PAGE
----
Governor Kim Reynolds is calling on officials from Des Moines Public Schools to meet with state officials and come up with a plan to get the district’s students back in the classroom. Most Des Moines students started the school year this week online — without a state waiver to do so.
“Online learning is great for families who have the means to make it work,” Reynolds said late this morning, “but it’s not so good for those who live in stressed economic conditions.”
According to the governor, more than three-quarters of the students in the Des Moines district qualify for free or reduced price lunch. And Reynolds said while parents with means can hire tutors to help their kids with online classes, there are many families in the Des Moines district who do not have that option.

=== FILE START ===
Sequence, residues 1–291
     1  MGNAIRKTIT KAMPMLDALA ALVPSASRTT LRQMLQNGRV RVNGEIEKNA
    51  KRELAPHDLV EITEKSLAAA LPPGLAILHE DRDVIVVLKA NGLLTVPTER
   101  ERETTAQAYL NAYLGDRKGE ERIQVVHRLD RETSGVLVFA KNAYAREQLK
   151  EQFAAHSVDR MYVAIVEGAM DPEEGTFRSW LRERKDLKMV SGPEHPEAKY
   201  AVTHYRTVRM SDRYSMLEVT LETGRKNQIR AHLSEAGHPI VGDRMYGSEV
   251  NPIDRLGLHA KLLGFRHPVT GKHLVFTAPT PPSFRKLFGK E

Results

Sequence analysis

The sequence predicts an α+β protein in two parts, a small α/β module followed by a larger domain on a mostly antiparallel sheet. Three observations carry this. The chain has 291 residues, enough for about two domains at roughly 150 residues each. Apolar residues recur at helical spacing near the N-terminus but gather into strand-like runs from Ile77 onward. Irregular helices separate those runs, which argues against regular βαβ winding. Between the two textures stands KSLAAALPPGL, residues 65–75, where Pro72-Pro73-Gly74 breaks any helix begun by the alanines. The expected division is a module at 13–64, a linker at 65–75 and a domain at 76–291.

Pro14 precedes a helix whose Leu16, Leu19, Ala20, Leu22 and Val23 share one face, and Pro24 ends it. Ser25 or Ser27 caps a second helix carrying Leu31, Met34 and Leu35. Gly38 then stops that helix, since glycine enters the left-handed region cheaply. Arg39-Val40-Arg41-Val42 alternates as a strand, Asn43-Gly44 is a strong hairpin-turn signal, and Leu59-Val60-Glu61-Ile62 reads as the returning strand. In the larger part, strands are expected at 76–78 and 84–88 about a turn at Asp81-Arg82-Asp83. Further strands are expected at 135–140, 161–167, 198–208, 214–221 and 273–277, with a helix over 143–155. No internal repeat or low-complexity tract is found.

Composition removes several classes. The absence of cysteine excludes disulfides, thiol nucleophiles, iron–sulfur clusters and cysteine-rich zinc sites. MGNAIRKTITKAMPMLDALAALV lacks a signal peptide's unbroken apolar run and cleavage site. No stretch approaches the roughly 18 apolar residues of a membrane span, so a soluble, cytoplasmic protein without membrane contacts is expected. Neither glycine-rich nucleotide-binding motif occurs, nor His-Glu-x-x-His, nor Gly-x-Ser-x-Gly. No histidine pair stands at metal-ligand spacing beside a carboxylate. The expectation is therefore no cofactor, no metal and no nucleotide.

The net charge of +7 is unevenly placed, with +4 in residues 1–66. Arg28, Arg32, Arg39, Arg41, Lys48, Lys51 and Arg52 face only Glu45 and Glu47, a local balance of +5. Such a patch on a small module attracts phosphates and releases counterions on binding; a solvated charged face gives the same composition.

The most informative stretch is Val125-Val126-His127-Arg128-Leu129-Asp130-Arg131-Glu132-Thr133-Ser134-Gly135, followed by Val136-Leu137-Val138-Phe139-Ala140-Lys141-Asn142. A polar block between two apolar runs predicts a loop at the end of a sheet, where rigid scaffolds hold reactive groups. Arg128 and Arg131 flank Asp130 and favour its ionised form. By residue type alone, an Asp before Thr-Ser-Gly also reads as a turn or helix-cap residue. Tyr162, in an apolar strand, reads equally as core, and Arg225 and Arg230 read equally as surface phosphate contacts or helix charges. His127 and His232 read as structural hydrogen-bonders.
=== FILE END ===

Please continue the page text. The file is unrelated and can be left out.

“We just simply cannot afford to let our students be left behind, even in these most challenging times and I know without hesitation that members of the Des Moines School Board care about these issues as well,” Reynolds said. “and that’s why I’m asking them to meet with my team at the Iowa Department of Education and the Iowa Department of Public Health to work out a way to help get the district into compliance with Iowa law.”
On Tuesday, a judge refused the Des Moines district’s request to temporarily be exempted from the requirement that students return to classrooms. It means Des Moines students may not get credit for the time they’ve spent online this week.
The Des Moines School Board is scheduled to meet early this evening to discuss how to respond to the court ruling.